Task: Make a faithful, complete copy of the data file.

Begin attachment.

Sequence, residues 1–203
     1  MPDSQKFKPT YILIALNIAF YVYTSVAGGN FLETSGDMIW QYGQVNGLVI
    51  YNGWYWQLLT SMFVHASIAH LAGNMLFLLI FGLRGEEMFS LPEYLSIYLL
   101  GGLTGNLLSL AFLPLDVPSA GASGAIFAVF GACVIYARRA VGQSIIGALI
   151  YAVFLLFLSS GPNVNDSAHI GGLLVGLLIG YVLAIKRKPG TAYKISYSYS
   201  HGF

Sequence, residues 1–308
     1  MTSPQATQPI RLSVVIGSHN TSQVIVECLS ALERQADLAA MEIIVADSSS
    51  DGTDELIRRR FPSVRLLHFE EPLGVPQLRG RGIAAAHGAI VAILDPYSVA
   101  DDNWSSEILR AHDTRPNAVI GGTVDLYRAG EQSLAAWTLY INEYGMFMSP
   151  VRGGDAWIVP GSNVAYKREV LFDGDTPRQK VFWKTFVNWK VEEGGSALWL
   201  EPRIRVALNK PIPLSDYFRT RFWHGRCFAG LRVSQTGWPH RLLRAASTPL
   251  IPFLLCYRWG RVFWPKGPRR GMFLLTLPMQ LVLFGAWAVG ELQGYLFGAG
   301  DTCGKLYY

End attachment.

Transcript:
Sequence, residues 1–203
     1  MPDSQKFKPT YILIALNIAF YVYTSVAGGN FLETSGDMIW QYGQVNGLVI
    51  YNGWYWQLLT SMFVHASIAH LAGNMLFLLI FGLRGEEMFS LPEYLSIYLL
   101  GGLTGNLLSL AFLPLDVPSA GASGAIFAVF GACVIYARRA VGQSIIGALI
   151  YAVFLLFLSS GPNVNDSAHI GGLLVGLLIG YVLAIKRKPG TAYKISYSYS
   201  HGF

Sequence, residues 1–308
     1  MTSPQATQPI RLSVVIGSHN TSQVIVECLS ALERQADLAA MEIIVADSSS
    51  DGTDELIRRR FPSVRLLHFE EPLGVPQLRG RGIAAAHGAI VAILDPYSVA
   101  DDNWSSEILR AHDTRPNAVI GGTVDLYRAG EQSLAAWTLY INEYGMFMSP
   151  VRGGDAWIVP GSNVAYKREV LFDGDTPRQK VFWKTFVNWK VEEGGSALWL
   201  EPRIRVALNK PIPLSDYFRT RFWHGRCFAG LRVSQTGWPH RLLRAASTPL
   251  IPFLLCYRWG RVFWPKGPRR GMFLLTLPMQ LVLFGAWAVG ELQGYLFGAG
   301  DTCGKLYY